In an editorial in the Wall Stree Journal, Nobel Prize winner Norman Borlaug and Peter McPherson, president of the National Association of State Universities and Land-Grant Colleges, talk about how the US should get a long-term plan to stave off famine in the developing and rural world. Despite the Green Revolution "and other advances in technology, production methods and related investments in agriculture" that increased food production 30 years ago, agricultural biotech might be the next tool in the shed to avoid a pending food shortage, they argue.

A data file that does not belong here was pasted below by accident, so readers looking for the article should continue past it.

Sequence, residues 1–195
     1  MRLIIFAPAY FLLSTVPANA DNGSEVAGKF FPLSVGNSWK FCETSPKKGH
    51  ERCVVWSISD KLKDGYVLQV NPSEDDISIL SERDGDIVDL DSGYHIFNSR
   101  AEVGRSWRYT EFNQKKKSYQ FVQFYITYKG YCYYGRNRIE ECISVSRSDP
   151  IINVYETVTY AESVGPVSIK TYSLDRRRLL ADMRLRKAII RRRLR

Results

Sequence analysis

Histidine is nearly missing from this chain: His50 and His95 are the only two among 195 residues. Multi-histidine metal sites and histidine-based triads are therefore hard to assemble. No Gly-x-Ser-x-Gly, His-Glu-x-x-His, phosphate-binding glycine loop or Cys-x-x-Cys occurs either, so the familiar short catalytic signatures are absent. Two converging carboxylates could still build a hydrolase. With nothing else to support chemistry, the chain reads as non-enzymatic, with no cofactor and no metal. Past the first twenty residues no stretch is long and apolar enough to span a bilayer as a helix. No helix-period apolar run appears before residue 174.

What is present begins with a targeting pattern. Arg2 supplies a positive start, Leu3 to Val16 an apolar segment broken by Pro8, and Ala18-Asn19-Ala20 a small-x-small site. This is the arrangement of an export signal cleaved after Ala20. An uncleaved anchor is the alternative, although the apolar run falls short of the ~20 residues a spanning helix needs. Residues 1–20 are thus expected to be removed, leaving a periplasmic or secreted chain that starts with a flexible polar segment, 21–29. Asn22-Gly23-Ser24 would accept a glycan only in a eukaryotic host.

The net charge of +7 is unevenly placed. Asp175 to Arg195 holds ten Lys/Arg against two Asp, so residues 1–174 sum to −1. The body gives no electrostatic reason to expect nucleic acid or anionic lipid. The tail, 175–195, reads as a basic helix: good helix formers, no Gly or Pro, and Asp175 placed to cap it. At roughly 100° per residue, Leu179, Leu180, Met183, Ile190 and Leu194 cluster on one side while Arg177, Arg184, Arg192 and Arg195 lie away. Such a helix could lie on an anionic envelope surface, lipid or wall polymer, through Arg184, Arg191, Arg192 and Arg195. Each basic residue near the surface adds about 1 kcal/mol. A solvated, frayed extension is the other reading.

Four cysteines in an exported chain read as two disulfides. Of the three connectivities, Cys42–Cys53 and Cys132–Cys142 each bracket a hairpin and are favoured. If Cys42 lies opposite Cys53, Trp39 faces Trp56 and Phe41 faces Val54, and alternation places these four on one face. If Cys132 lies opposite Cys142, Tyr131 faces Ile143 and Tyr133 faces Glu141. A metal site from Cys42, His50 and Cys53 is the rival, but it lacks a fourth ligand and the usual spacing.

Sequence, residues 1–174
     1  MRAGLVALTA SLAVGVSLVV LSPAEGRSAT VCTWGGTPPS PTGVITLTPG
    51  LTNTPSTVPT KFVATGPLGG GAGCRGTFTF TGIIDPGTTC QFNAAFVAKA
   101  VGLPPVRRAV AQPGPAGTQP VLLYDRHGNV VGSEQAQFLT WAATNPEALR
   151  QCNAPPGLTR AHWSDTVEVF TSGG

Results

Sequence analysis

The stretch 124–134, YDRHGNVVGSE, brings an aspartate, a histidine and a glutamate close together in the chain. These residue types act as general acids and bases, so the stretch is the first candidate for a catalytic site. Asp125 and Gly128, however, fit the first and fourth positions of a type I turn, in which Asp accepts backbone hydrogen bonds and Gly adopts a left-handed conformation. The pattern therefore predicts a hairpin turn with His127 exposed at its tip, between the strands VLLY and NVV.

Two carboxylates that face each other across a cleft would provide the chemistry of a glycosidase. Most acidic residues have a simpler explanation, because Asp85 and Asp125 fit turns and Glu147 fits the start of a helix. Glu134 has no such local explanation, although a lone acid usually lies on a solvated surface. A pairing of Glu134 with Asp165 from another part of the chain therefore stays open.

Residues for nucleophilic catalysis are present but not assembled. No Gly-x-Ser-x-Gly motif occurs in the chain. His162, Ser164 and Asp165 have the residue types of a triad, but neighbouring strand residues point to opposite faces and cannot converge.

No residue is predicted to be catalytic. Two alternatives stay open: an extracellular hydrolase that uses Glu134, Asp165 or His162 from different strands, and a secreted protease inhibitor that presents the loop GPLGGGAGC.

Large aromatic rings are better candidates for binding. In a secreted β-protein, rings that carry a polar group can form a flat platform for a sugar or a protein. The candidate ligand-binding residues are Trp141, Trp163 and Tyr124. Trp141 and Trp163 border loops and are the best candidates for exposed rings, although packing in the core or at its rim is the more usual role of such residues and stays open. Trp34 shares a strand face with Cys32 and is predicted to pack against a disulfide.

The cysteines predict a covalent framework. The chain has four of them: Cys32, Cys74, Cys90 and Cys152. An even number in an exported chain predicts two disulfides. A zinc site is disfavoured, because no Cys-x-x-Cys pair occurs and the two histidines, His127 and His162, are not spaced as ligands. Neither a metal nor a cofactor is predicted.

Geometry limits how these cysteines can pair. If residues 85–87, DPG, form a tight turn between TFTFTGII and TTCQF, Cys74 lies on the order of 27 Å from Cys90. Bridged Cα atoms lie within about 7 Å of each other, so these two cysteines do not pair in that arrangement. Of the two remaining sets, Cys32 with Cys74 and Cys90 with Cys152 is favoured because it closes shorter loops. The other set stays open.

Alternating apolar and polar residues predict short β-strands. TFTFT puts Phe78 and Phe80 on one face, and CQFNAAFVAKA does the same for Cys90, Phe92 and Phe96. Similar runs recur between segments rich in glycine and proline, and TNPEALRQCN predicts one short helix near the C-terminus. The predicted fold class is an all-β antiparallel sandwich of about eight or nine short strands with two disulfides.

At AlterNet, Scott Thill warns that we're already on the verge of famine, which could become the "chief terror of the future," he writes. "Rising food prices do not have one simple cause," says Bettina Luescher, chief spokesperson for the North American chapter of the UN World Food Program. "They are caused by several factors, all combining to a perfect storm. But they are rooted in increased energy prices, competition between biofuels and food, rising demand from economic growth in emerging economies, and increasing climatic shocks such as droughts and floods."